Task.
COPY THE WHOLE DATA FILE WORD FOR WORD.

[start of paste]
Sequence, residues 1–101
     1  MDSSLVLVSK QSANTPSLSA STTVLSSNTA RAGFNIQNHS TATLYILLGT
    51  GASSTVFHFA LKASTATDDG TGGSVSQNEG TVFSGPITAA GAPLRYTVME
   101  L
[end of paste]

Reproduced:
Sequence, residues 1–101
     1  MDSSLVLVSK QSANTPSLSA STTVLSSNTA RAGFNIQNHS TATLYILLGT
    51  GASSTVFHFA LKASTATDDG TGGSVSQNEG TVFSGPITAA GAPLRYTVME
   101  L